Mood Indigo: Boris Vian, surrealist


This podcast is presented and produced by Kieron Yates.

Although he’s one of France’s most widely read and popular authors of the twentieth century, Boris Vian has never won the international recognition gained by friends and contemporaries such as Jean Paul Sartre and Simone de Beauvoir.

Kieron Yates talks to Alistair Rolls, Associate Professor in the School of Humanities and Social Sciences at the University of Newcastle, Australia about the life and work of Boris Vian

Even within France, apart from a few doctoral studies, Vian’s work has remained outside the consideration of academia and to some degree is still frowned upon by scholars.

The closest most English speaking audiences will have come to Vian’s work is probably Michel Gondry’s 2004 film, Eternal Sunshine of the Spotless Mind which drew inspiration from two of Vian’s novels. More recently Gondry has directed a film of Vian’s most famous book, L’Ecume des Jours. Titled Mood Indigo for English speaking audiences, the film stars Audrey Tautou and gets its US and UK cinema release this summer.

A recent translation of Vian’s poems and short stories – If I say If– published by the University of Adelaide Press, and co-edited by Alistair Rolls means that for the first time all of Vian’s short stories are available in English.

Born in 1920 at Ville D’Avray, a bourgeois town on the western edge of Paris, Boris Vian was raised in a world of imagination fuelled by literature and society games. His parents were well-off and his early life was carefree and comfortable. But, in 1929 the stock-market crash ended the Vian fortune. The Vian’s were forced to move into the caretaker’s cottage of the family home so they could rent out the main house. At the age of twelve Vian was diagnosed with a heart condition that consigned him to his bedroom and to the care of his mother.

Boris’s health improved in his teenage years and he went on to become a brilliant scholar who, reputedly, had read everything.

Alistair Rolls: He was clearly very talented from an early age. One of his next door neighbours as a child was Yehudi Menuhin and Menuhin and he used to play chess together. He was very sharp. He was very mathematically alert… very musically alert early on and he was brought up in a very culturally alert environment so he was exposed early on to opera and all kinds of classical music.

I kept on coming across the expression, “Il a tout lu”…he’s read everything. No one’s read everything. Then the people in the Boris Vian Foundation in Paris took me aside and said , “You have to understand that you know that we publish more now than we used to publish.” So back in the 1920′s it was not possible to read everything but you could give it a damn good shot.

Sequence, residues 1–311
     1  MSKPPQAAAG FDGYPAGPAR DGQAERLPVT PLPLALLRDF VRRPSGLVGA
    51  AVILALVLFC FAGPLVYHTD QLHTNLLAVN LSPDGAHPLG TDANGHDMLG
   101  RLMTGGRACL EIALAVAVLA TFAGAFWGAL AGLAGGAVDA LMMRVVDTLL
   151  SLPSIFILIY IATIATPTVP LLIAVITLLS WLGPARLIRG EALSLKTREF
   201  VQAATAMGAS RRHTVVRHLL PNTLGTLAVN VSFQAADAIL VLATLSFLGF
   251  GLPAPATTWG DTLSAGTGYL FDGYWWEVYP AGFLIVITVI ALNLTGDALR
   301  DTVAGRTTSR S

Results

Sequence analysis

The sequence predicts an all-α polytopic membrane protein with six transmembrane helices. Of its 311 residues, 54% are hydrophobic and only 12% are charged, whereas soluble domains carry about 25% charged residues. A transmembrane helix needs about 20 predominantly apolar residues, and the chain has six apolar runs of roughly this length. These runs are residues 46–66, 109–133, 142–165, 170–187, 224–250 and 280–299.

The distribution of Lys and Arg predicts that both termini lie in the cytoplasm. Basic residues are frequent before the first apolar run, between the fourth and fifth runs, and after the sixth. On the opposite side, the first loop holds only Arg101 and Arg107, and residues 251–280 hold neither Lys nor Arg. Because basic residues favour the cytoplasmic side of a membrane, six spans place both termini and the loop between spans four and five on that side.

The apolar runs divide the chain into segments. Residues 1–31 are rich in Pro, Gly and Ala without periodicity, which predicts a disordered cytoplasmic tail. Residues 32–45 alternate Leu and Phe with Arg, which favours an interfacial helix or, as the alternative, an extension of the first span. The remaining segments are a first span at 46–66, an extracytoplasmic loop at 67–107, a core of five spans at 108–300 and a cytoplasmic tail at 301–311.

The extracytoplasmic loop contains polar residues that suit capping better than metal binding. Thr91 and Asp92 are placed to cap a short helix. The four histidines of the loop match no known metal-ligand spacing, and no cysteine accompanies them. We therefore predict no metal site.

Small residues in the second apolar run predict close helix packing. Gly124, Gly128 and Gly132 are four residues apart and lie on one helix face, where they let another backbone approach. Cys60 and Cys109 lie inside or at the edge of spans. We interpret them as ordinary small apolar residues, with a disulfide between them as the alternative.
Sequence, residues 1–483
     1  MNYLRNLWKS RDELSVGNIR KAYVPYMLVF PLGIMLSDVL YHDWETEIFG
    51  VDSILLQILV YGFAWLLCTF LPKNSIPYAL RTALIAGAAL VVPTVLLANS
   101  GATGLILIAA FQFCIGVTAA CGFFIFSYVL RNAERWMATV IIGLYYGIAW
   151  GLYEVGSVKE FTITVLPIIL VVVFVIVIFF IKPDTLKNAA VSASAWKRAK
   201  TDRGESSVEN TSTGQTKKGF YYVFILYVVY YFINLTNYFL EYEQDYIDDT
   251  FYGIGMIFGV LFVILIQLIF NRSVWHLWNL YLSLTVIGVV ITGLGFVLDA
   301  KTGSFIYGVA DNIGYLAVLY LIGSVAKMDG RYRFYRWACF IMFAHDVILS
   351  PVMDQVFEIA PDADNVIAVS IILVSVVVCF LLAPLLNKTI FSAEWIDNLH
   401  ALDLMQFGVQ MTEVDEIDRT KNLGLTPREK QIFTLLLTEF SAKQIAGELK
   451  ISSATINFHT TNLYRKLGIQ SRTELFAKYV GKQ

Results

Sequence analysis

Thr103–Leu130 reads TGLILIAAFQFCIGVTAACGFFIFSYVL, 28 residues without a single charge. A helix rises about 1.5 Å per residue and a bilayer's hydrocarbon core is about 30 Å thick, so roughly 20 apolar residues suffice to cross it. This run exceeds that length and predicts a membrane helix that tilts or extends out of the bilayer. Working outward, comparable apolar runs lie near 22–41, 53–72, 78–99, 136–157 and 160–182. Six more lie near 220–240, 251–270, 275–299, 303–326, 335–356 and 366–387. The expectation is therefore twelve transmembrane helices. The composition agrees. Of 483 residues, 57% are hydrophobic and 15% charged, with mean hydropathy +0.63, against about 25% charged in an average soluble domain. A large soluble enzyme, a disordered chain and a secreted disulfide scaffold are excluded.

So he had this ongoing heart condition which he had from early on. I think it wasn’t just the heart condition that stifled Vian. It was then people’s reaction to the heart condition notably his mother. So he was certainly over mothered when he was young and I think he rebelled against that. And then you have this overwhelming thesis which is such that Vian killed himself by living. He lived too hard and brought about his own death.

KY:  Boris’s obsession with literature and language led to him cultivating a passion for punning and wordplay. He also began to learn English in his spare time.

Music also played a major role in Boris’s teenage life. At the age of 16 he developed a passion for jazz and went on to become not only a competent trumpeter and band leader but a highly regarded critic and editor for jazz magazines.

In the immediate post-war years Vian could be found in the trendy hotspots of Saint-Germain-des-Prés, rubbing shoulders and exchanging ideas with other luminaries of the area or simply playing his trumpet in the lively clubs.

MUSIC:  Basin Street Blues – Boris Vian with Radiodifussion France introduction:

It was around this time that Vian’s first literary works began to be published. In 1945 he signed a contract with French publishing house Gallimard and later that year his first novel appeared in bookshops.

In 1946 Vian created a storm and had his first commercial success with J’Irai Cracher Sur Vos TombesI spit on your Graves. Ostensibly a hard-boiled American thriller credited to an unknown African American writer, Vernon Sullivan, with Vian as translator, the book was written as a wager with the the young publisher Jean D’Halluin.

Graphically violent,the story revolves around a light skinned black man,  who acts out an act of revenge against a small Southern town. J’Irai Cracher Sur Vos Tombes is now viewed as a parody of the hard-boiled genre but Alistair Rolls sees it as having much deeper resonances.

AR: At the time that was written you have a whole new tradition of French crime fiction which is beginning — something called the Série Noire by a guy called Marcel Duhamel…he was at Gallimard. Basically its always construed as very straightforwardly a case of American fiction, American thrillers, being very, very popular in Paris and so Parisians after the four years of occupation at the hands of the Nazis finally get what they have being crying out for which is these lovely American novels and the translations are the vehicle for them to get their hands on them. Which is a wonderful over-simplification, I think, of what’s happening.In fact you have these novels being translated very cleverly by Duhamel to create an allegory of the French condition in the immediate post-war years. So the Série Noire itself is very much a parody already of crime fiction. It’s a use of crime fiction for a particular end. I think when Vian then gets accused of being simply a parody of the Série Noire, this black series, by creating a black character, I think he’s doing something much more clever and much more reflexive. So he’s actually doing a parody of something that’s already a parody.